8 hours 39 minutes
hello and welcome to another application of the minor attack framework discussion today. We're getting into our next phase and therefore we're going to be discussing persistence and so no better time to look at what is persistence. So
within minor persistence is when a threat actor attempts to maintain access to the environment,
also known as a foothold
threat. Actors commonly attempt to men maintain access after reboots of systems, changes to credentials, changes to the network. And so this can include things like the replacement of legitimate code or adding items to start up tasks. And so
outside of those things as well. This kid include the installation of remote access tools. Oh, are other backdoor functions on systems that would hopefully not get caught in the process of remediation or something of that nature. Now, within the persistence section,
we're going to be looking at the following areas. Now there's mawr than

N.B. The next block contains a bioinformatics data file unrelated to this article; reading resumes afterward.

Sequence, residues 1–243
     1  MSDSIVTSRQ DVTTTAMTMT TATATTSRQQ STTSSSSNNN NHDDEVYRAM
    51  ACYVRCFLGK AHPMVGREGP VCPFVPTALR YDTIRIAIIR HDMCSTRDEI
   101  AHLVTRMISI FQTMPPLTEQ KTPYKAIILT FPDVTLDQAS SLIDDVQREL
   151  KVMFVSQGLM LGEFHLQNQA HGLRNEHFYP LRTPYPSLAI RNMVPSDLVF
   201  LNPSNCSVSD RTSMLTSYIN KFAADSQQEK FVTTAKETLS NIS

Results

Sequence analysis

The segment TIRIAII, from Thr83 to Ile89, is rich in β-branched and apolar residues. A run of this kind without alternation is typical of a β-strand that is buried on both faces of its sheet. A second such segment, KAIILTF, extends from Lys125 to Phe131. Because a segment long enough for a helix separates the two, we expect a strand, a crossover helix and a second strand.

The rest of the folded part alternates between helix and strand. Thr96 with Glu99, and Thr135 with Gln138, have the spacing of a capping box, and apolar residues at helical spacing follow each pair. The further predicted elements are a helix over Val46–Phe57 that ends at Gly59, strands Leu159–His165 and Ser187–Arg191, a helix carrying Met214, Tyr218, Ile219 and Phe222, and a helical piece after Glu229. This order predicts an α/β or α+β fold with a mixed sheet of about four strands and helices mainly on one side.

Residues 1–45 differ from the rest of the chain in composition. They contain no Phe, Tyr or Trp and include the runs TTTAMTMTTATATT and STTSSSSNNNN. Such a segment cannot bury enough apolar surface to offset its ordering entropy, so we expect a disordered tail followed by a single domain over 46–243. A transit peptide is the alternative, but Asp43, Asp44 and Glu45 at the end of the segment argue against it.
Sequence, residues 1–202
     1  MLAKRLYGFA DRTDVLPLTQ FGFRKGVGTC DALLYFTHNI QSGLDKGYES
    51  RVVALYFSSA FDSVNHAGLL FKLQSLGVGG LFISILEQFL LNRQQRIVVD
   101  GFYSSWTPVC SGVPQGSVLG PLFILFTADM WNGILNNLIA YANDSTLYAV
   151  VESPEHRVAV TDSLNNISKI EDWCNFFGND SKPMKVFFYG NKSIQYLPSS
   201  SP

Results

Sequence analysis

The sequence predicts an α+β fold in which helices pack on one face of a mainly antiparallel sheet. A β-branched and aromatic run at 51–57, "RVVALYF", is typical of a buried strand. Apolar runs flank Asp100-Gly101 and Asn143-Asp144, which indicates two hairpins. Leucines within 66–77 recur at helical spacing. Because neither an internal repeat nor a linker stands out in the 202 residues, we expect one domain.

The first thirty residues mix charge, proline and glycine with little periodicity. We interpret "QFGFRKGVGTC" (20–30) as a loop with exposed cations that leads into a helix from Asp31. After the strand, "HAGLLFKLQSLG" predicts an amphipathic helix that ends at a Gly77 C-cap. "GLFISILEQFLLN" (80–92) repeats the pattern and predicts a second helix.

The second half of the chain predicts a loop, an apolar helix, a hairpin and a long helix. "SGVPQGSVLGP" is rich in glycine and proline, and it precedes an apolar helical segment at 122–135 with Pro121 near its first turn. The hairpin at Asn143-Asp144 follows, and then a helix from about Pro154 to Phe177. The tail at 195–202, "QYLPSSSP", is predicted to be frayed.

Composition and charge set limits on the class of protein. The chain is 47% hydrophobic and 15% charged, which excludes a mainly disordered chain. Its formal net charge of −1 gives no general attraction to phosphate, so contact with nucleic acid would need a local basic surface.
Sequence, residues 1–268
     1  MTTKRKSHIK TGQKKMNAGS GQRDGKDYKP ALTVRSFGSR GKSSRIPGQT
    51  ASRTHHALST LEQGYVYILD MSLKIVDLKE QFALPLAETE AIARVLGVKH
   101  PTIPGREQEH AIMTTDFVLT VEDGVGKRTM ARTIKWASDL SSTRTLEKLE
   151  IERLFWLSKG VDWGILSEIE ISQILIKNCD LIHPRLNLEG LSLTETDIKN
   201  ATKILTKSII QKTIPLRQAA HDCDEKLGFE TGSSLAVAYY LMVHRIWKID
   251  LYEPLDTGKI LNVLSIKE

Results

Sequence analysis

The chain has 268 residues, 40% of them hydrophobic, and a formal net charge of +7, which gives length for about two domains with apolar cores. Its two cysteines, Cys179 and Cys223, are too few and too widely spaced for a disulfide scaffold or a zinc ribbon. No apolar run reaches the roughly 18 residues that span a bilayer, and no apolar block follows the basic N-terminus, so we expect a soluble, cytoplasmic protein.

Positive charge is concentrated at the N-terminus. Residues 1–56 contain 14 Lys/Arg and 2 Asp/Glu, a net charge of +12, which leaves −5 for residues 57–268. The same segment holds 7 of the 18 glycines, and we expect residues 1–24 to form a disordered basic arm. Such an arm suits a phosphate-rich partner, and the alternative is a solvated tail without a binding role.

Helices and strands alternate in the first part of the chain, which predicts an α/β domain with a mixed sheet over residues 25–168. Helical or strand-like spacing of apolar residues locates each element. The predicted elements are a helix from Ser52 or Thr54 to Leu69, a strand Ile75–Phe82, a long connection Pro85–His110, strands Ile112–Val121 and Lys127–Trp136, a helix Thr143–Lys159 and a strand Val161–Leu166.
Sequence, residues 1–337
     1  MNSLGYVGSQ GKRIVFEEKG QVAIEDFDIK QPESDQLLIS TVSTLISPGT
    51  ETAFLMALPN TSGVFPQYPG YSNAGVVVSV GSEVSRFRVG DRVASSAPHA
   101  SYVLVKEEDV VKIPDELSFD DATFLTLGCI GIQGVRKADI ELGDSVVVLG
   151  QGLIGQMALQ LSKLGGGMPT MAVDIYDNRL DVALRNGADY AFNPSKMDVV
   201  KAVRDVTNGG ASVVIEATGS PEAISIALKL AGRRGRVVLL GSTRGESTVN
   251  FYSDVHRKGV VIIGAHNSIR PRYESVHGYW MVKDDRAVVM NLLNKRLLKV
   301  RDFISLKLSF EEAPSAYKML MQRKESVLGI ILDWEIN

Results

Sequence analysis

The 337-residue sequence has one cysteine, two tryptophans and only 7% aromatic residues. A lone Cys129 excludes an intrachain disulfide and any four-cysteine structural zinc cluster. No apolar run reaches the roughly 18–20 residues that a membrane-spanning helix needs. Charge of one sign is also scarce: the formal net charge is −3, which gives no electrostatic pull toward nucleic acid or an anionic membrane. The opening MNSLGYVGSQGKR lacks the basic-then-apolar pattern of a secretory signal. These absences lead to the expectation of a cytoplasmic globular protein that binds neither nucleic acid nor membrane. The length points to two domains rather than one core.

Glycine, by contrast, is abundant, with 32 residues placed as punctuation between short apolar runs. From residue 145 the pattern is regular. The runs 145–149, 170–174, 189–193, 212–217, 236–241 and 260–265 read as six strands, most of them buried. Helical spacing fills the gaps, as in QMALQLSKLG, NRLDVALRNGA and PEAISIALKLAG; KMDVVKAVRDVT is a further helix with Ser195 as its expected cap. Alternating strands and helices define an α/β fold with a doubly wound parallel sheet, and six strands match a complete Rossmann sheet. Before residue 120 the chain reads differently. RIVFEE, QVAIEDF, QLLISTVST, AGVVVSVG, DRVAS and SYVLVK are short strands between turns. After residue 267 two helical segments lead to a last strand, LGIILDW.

the few that were mentioning here.
But these are the ones we've chosen to focus on, so we're gonna look at accessibility features and how those air used we're going talk specifically about boot kits, browser extensions, component firm, where the creation of an account hooking and new services
again. Each of these areas is probably compounded, so it may not be just one of these areas that a threat actor
would implement in order to establish persistence. It could be a combination of creating a new account, creating a boot kit, maybe implementing a new service,
adding browser extensions, messing with accessibility features.
It's quite possible and feasible that a threat actor would have a tool that would make multiple changes so that if one particular victor was cut off, they would still have another that they could use and maybe give a false sense of security to the end user. So with them in mind, I want to thank you for your time today, and I look forward to seeing you again